Today is World Refugee Day.
Around the world each year as many as 19 million people are under the aid and assistance of the UN High Commission for Refugees. These include displaced persons, asylum seekers, returnees and stateless people. This figure covers 117 countries on five continents.
So, what do you know about refugees other than what appears on your local television news?
I didn't know very much even though I have been thinking about the idea of volunteering to help with the local migrant assistance service here in Auckland. I had no idea of how many people were affected, nor of the different 'versions' of refugee status.
Here is what the UNHCR has to say about refugees:
What is a refugee? International law defines refugees as people who are unable or unwilling to return to their countries because of a well-founded fear of persecution based on their race, religion, nationality, political opinion or social group. What international law does not describe is the sheer strength of spirit that keeps their hopes alive, wherever they are. Most of the world’s refugees are women and children, and on World Refugee Day in particular, we celebrate the tenacity and quiet strength of the millions of mothers and wives who hold their families together in the most difficult circumstances. They make sure the flame of hope is never extinguished. They are true heroes, and they deserve our respect.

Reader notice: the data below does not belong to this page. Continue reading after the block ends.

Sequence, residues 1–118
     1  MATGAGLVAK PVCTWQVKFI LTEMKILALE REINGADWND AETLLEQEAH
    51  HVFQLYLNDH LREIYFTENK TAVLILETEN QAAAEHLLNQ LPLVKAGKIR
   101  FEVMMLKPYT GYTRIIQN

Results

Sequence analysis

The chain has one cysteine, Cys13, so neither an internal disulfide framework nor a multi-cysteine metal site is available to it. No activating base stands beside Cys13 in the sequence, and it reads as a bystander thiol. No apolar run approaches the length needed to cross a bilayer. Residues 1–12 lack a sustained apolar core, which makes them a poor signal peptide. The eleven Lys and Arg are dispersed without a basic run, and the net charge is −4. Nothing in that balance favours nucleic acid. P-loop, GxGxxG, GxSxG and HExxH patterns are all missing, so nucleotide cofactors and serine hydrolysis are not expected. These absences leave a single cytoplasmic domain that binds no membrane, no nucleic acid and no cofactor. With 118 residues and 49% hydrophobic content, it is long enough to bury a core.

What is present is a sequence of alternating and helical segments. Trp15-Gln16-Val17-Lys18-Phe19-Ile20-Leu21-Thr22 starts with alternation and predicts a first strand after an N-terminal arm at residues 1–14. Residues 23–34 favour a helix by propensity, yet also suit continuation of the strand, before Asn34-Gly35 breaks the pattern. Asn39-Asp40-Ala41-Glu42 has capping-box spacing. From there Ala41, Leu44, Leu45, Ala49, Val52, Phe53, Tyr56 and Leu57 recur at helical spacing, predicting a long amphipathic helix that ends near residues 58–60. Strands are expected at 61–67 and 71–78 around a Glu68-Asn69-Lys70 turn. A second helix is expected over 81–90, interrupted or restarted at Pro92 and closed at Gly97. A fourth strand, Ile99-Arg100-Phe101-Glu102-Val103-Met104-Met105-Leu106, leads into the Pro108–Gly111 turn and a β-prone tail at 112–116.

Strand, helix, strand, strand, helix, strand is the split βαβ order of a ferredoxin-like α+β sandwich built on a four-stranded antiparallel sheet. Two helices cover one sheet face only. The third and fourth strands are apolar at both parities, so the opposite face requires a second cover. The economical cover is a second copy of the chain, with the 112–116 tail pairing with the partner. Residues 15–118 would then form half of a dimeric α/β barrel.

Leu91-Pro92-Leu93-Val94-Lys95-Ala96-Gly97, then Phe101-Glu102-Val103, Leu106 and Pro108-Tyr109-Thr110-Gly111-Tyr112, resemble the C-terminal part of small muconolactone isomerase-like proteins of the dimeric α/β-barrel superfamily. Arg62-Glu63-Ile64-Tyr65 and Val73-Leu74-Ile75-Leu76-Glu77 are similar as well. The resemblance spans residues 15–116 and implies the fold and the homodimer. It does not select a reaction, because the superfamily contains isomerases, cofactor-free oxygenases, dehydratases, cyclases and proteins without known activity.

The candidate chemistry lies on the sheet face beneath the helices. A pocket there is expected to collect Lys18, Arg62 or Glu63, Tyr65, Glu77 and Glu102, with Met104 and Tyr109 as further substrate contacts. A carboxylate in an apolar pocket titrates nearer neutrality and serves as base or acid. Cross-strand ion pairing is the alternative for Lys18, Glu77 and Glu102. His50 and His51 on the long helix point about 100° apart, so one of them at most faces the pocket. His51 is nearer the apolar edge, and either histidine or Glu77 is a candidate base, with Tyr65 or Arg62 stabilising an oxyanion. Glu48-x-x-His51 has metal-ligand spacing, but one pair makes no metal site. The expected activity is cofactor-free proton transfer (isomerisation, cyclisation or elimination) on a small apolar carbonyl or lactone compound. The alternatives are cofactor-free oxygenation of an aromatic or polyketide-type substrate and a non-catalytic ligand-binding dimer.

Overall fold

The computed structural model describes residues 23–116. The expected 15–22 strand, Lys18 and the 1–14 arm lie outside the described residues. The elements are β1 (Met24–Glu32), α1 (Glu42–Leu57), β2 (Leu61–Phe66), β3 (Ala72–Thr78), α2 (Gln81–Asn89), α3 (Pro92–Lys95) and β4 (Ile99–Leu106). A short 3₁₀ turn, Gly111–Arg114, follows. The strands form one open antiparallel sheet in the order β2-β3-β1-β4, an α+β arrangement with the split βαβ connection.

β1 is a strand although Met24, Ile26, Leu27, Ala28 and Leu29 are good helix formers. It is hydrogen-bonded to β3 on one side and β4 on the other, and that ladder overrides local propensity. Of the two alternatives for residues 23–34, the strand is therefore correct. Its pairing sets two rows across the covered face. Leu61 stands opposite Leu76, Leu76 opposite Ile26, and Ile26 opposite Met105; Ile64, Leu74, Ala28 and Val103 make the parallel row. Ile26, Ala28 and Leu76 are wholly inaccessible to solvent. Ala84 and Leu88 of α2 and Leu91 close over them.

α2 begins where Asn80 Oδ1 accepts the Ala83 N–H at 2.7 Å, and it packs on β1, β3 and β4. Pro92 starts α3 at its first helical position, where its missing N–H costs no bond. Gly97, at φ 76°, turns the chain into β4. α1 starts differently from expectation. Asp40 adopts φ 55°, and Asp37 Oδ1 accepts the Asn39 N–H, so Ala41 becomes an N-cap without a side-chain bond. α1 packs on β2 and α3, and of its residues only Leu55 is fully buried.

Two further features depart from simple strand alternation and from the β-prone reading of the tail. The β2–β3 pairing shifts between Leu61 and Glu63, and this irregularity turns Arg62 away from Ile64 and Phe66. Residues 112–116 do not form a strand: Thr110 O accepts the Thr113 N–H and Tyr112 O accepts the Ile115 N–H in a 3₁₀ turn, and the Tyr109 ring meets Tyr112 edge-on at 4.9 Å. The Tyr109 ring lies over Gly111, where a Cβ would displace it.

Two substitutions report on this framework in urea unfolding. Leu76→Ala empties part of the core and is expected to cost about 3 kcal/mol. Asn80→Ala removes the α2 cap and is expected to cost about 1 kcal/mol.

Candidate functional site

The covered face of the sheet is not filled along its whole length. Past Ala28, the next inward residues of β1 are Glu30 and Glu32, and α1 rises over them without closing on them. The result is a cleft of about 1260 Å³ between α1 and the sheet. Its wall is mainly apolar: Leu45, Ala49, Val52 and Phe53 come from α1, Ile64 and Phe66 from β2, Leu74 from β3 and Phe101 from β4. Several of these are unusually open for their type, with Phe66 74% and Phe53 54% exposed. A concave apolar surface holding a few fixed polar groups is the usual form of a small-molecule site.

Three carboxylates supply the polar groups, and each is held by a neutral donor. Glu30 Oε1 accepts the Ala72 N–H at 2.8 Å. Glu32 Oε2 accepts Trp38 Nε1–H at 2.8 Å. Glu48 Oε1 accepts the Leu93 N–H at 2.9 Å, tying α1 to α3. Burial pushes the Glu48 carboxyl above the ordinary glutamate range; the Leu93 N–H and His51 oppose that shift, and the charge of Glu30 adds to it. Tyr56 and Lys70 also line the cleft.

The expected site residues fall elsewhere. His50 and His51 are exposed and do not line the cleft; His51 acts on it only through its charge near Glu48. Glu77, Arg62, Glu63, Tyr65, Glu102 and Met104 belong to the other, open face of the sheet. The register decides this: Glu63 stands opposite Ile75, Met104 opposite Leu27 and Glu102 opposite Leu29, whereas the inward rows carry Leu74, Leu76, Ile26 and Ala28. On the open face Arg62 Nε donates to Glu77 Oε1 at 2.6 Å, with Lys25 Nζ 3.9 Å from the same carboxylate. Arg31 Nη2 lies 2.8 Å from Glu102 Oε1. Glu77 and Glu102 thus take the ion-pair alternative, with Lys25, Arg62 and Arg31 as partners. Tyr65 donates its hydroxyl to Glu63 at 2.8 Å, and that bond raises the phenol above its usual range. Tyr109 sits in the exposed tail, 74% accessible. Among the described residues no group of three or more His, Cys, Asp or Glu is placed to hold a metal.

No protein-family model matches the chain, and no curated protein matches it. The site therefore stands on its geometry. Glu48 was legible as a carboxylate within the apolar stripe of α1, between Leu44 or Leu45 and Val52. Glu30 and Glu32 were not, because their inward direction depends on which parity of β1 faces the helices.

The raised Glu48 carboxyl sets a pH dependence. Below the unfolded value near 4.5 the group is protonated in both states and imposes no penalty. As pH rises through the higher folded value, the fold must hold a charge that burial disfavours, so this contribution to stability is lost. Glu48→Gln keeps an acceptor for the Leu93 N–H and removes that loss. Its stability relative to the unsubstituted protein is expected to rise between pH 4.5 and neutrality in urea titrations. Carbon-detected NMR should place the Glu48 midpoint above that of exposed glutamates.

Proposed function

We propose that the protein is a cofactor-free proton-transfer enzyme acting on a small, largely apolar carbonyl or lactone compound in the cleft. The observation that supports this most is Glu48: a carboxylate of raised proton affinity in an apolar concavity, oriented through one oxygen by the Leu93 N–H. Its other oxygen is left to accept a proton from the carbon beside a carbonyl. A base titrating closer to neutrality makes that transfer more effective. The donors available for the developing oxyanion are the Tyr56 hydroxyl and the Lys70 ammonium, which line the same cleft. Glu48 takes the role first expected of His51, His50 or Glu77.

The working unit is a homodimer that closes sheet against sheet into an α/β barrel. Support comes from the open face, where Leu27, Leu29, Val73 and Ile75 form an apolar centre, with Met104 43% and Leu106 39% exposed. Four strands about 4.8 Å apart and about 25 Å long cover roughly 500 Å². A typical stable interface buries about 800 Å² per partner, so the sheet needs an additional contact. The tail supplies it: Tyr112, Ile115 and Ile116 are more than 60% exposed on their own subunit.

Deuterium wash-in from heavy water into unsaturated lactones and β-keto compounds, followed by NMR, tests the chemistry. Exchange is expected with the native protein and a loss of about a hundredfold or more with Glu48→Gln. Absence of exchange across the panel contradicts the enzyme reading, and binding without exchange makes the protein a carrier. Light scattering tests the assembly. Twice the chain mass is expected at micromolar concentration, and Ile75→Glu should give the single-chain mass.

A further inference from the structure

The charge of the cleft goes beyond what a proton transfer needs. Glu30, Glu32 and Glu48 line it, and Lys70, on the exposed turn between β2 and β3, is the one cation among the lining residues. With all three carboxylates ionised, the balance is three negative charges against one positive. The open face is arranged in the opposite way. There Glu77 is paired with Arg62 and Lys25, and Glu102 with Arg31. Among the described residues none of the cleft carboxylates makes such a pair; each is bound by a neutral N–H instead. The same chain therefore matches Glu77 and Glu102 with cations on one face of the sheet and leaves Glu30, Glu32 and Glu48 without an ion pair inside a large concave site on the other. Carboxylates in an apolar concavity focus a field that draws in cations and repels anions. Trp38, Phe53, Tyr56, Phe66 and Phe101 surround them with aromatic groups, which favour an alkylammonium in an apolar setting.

If you can take a few minutes out of your busy day, today, and visit the UNHCR website and get a few basic facts about the lives and experiences of refugees that would be a great start. If you are a numbers person, then perhaps the statistics page is more to your taste.
And finally, if you want to find out how you can help there is the 'How you can help' page.